Private landowners adding their timber to the forest product industry through Michigan’s Qualified Forest Property program will have more flexibility and fewer penalties under legislation approved this week by the House to increase program participation.
House Bills 4969-70, sponsored by Reps. Frank Foster and Matt Huuki, and HB 4302, sponsored by Rep. Ed McBroom, ease some of the program’s land-use limitations currently in place and eliminate an excessive penalty for withdrawing from the program.
“The goal of the QFP program is to increase the volume of Michigan timber that is produced for the forest products industry, creating local jobs and growing our state’s economy,” said Foster, chair of the House Natural Resources, Tourism, and Outdoor Recreation Committee. “Ironically, the way the five-year-old program terms are currently set up, the landowners haven’t found the potential tax savings much of an incentive.”
The program has a 1.2 million acre cap for participants interested in becoming exempt for the 18 mills state education tax. So far it has attracted only 70,000 acres.
To increase participation, the first two bills in the legislative package propose to allow some structures on the property, such as hunting shacks, small cottages and pole barns, which with one acre would be subject to the tax; harvest reports and updated management plans would only be required after a harvest, not annually; clarifies local taxing units operate the program, not the DNR; adjusts the Commercial Forest Act to better coincide with QFP; and defines auditing procedures and responsibilities for program compliance.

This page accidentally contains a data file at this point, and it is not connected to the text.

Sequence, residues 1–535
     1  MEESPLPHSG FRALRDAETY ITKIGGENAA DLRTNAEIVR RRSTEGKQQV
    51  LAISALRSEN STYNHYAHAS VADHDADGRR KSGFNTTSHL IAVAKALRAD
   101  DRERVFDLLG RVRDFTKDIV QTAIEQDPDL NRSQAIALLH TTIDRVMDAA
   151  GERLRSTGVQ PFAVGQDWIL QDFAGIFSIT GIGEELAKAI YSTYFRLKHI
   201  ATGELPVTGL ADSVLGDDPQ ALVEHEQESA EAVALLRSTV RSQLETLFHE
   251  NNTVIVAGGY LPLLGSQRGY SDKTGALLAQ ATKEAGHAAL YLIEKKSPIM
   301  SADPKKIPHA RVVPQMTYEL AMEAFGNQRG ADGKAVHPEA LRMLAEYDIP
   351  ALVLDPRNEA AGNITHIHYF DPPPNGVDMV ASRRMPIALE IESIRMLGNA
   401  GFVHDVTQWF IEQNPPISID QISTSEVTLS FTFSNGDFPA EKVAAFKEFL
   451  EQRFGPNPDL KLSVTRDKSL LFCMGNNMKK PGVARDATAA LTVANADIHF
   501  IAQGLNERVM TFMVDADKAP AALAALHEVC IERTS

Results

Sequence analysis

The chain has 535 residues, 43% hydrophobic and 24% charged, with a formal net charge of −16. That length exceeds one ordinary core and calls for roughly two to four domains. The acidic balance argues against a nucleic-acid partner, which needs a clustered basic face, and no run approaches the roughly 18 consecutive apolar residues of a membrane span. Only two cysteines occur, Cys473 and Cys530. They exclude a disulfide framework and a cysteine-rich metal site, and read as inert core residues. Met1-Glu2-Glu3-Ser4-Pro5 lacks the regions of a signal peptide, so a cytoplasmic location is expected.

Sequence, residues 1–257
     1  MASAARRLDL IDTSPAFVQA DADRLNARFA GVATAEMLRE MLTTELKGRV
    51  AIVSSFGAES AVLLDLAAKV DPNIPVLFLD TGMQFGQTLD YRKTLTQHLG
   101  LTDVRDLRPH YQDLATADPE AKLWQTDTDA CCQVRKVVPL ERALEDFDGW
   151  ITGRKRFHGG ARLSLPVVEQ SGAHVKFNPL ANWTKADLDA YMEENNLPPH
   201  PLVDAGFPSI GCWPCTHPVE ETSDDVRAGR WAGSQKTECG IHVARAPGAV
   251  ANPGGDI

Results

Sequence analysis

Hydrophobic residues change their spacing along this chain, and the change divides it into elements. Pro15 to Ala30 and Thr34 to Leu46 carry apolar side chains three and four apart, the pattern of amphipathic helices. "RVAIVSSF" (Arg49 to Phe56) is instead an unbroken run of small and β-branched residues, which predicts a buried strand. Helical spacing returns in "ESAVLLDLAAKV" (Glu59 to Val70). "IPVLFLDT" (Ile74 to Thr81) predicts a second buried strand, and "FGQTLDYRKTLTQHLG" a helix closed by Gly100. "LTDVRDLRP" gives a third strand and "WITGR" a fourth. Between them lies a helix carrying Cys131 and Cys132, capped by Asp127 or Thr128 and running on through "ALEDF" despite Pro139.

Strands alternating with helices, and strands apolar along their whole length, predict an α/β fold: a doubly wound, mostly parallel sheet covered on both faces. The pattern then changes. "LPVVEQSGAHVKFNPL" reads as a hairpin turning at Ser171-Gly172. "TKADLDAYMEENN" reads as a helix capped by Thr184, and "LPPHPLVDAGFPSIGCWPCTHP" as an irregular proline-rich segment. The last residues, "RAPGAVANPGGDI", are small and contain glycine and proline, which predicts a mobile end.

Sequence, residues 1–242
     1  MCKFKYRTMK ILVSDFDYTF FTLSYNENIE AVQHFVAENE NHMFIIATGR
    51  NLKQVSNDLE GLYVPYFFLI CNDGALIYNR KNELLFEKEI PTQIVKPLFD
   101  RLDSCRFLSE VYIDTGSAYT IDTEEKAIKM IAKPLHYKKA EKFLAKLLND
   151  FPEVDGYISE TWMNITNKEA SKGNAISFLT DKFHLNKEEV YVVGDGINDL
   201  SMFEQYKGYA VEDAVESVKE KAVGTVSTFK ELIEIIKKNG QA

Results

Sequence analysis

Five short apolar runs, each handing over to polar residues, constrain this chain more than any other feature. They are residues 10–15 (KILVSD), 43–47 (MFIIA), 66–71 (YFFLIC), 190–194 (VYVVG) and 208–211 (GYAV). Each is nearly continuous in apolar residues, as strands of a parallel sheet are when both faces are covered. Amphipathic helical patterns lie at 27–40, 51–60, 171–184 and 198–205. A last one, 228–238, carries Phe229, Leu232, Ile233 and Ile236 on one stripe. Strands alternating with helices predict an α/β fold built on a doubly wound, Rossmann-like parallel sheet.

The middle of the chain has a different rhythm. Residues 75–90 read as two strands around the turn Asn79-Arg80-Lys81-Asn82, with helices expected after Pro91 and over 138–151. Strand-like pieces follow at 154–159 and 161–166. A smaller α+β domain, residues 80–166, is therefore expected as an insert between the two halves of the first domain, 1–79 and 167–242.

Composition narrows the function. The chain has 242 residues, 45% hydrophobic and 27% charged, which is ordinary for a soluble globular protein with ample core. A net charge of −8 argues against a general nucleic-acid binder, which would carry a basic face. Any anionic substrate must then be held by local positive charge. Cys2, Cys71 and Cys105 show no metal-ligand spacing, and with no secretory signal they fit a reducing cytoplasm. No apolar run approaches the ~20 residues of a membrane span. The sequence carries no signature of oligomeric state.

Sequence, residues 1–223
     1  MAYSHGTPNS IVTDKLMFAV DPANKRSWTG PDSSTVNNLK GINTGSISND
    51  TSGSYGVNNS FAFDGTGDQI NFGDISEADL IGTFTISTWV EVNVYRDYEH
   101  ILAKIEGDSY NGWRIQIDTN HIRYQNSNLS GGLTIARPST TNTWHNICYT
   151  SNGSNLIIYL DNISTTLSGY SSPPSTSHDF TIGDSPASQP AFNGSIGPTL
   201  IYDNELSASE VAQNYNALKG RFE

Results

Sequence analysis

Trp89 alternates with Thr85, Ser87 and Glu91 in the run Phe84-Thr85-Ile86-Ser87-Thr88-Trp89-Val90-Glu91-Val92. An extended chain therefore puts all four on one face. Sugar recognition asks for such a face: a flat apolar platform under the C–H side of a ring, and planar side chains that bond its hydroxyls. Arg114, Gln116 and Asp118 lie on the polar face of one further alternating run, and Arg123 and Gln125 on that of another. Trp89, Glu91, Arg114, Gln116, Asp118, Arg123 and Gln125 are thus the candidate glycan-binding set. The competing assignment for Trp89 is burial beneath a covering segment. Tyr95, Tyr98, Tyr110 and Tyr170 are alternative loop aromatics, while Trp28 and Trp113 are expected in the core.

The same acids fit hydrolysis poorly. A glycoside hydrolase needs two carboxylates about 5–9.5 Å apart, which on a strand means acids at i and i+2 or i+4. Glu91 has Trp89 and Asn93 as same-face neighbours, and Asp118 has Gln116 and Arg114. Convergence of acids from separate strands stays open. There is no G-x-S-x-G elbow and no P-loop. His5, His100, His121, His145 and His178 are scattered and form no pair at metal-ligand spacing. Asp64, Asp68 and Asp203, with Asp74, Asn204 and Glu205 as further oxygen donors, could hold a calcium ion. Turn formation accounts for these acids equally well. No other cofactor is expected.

“We’ve been working with representatives from the forest and agriculture industries and local governments to make the Qualified Forest Program a useful tool that will yield positive results for everyone involved,” said Huuki, R-Atlantic Mine. “Once the program begins working correctly we should see better managed forests, increased economic activity and improved wildlife habitat.”
HB 4302 recalculates the biggest roadblock to people’s participation – a steep penalty for removing a property from the program. Currently, the recapture tax is figured by multiplying all taxing units’ millage rates by the State Equalized Value, multiplying that sum by seven, then doubling that amount if no timber harvest had taken place on the property.
“That can be a very steep check for someone to have to come up with after receiving potentially very little benefit,” said McBroom, R-Vulcan. “It seems people are willing to do the forest management part of the program, but it’s asking a lot of someone to take that kind of risk when you don’t know what the future might hold. It’s understandable that not many people are willing to sign on for it.”
The new proposal would require a landowner who takes their property out of the program to only repay the benefit they received – the 18 mills state education tax multiplied by the number of years they were enrolled in the program, with a maximum of seven years.
The bills are now in the Senate for consideration.